Microsemi Corporation has announced that Ted Speers, head of product architecture and planning for its system-on-chip (SoC) business unit, has been appointed to the inaugural board of directors of the RISC-V Foundation. The nonprofit formally introduced Speers and six other board members at the fourth annual RISC-V Workshop, held at MIT in Cambridge, Massachusetts July 12-13, 2016.
RISC-V (pronounced “risk-five”) is a new instruction set architecture (ISA) that was originally designed to support computer architecture research and education, and is now set to become a standard open architecture under the governance of the RISC-V Foundation. RISC-V is designed to be scalable for a wide variety of applications, easy to implement with regard to size and power, and offered under a permissive Berkeley Software Distribution (BSD) open source license. Under the leadership of Speers and his fellow board members, the foundation is working to ensure the ISA becomes the industry standard for all computing devices, which will support continued growth of Internet of Things (IoT) applications.
“RISC-V’s new ISA was designed initially to support computer architecture research and education, and has now found many more uses in the real world. Our goal is to provide a free and open clean-slate designed ISA that is simple, yet supports extensibility and specialisation,” said David A. Patterson, Pardee professor of computer science at UC Berkeley, where the RISC-V ISA was developed. “We are excited to see leading semiconductor companies using RISC-V to offer highly differentiated solutions to emerging markets.”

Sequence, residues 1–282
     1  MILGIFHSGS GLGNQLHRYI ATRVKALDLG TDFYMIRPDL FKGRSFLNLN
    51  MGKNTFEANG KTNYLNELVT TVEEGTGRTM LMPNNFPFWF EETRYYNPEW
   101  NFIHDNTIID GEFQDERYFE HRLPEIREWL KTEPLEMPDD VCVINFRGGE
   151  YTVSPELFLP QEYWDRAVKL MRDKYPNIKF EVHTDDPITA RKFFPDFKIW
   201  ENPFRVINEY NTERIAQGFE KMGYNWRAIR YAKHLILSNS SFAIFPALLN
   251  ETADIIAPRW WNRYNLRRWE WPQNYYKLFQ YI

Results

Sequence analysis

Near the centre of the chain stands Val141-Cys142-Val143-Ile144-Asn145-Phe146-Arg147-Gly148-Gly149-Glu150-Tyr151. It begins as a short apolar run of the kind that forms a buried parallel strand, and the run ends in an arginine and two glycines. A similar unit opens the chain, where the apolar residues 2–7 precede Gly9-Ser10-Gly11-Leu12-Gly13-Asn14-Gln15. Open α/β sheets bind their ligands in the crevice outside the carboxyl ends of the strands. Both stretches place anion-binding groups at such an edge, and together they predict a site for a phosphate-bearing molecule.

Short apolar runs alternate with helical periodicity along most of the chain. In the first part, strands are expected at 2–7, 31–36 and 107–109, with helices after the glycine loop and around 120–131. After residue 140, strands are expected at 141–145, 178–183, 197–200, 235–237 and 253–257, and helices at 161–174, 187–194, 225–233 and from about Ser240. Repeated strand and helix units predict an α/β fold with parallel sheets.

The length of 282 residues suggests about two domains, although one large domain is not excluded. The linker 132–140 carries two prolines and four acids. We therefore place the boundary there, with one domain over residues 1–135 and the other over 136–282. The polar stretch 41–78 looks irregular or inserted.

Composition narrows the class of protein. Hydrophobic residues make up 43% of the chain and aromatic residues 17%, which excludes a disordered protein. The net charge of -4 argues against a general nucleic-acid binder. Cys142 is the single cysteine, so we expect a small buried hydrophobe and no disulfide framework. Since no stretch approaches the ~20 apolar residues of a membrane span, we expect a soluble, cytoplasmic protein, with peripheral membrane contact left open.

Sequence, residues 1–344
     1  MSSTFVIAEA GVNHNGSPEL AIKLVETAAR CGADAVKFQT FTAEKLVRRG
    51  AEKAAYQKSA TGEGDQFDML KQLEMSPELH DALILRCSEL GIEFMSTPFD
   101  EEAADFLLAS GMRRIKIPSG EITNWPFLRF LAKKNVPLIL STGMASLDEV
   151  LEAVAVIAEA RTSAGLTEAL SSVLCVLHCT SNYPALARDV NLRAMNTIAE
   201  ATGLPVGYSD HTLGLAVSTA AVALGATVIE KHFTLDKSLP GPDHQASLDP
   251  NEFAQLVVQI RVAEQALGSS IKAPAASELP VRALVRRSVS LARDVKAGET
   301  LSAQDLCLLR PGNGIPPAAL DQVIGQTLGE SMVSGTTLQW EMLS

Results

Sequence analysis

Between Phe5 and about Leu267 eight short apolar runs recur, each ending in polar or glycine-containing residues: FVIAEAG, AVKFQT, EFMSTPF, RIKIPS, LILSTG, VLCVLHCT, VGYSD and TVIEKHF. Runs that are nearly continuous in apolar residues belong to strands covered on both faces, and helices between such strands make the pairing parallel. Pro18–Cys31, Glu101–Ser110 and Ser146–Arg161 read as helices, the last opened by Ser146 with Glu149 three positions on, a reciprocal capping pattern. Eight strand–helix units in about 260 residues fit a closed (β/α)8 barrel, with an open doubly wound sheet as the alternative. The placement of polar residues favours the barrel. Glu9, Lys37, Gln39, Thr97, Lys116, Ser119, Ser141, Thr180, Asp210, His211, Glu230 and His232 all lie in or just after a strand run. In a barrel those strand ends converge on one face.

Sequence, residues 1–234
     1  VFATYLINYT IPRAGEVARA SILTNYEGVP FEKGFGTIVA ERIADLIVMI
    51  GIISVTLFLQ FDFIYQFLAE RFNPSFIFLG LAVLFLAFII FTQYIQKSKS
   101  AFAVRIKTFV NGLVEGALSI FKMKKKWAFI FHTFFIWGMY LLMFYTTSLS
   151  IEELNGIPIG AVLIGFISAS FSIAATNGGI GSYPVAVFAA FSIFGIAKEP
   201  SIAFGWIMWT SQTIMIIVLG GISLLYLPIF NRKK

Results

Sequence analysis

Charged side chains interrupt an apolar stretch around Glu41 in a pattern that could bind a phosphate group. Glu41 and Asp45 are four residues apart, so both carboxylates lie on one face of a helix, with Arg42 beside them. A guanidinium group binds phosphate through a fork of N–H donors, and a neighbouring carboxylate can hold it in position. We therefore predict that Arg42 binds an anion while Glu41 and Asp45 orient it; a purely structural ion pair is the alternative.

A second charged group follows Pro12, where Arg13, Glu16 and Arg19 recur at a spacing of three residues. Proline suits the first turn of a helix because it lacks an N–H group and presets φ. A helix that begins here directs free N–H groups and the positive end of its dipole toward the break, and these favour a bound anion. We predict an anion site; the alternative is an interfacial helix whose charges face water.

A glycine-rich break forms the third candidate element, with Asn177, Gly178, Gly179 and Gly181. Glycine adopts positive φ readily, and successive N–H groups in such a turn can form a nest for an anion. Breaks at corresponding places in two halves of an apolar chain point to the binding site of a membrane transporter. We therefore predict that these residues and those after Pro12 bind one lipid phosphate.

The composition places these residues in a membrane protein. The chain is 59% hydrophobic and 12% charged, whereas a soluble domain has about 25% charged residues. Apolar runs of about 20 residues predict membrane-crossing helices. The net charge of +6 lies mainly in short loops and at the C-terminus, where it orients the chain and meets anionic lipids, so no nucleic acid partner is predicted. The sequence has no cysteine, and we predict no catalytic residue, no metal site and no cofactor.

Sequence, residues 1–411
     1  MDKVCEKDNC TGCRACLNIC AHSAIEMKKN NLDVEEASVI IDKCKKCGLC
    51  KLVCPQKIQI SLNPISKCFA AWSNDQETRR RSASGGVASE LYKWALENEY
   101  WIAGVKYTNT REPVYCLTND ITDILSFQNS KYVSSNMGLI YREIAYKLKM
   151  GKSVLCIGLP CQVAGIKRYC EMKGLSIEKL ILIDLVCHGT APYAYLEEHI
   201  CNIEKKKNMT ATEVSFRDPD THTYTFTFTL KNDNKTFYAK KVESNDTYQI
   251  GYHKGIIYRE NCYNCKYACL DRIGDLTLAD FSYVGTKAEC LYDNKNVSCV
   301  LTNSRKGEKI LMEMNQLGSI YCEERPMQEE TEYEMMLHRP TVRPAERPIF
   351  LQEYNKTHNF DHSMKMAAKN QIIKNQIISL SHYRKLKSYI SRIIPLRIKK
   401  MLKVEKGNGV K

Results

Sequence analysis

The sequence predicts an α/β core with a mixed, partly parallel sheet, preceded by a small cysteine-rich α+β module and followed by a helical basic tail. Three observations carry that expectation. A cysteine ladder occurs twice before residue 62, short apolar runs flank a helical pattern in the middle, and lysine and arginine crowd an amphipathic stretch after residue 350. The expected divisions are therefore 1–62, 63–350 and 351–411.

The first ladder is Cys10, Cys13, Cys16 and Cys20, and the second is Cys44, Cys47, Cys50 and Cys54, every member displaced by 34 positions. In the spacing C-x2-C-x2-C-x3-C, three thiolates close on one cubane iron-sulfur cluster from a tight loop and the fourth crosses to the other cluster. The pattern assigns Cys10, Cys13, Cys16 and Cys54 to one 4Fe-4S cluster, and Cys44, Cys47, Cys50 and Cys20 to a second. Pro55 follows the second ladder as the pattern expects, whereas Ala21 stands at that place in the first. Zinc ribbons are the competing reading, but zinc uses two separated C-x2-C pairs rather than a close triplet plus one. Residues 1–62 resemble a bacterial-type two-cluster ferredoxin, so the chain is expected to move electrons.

Through Microsemi’s early involvement in the creation of the RISC-V Foundation, Microsemi has an established leadership role in the emerging standard and ecosystem. Evidence of that involvement was on display at the July 13 RISC-V Workshop, where Microsemi collaborated with other companies in a “Hands-On RISC-V Tutorial Session.”
“When we first came across RISC-V, we knew it was going to be a great fit as a compelling soft processor solution for Microsemi’s low power, reliable, secure FPGA roadmap,” said Speers. “The vision of the team behind RISC-V, which includes some of the most respected computer architects in the world, was compelling. We also saw RISC-V as a great fit for implementing clean-slate processor capabilities for security, trust and reliability that are not only central to Microsemi’s industrial and defense markets, but will be central to the emerging IoT market. With the early support of companies including Google, IBM, HP and NVIDIA, in addition to Microsemi, it is now evident there is strong disruptive potential for RISC-V in the rapidly evolving data center market.”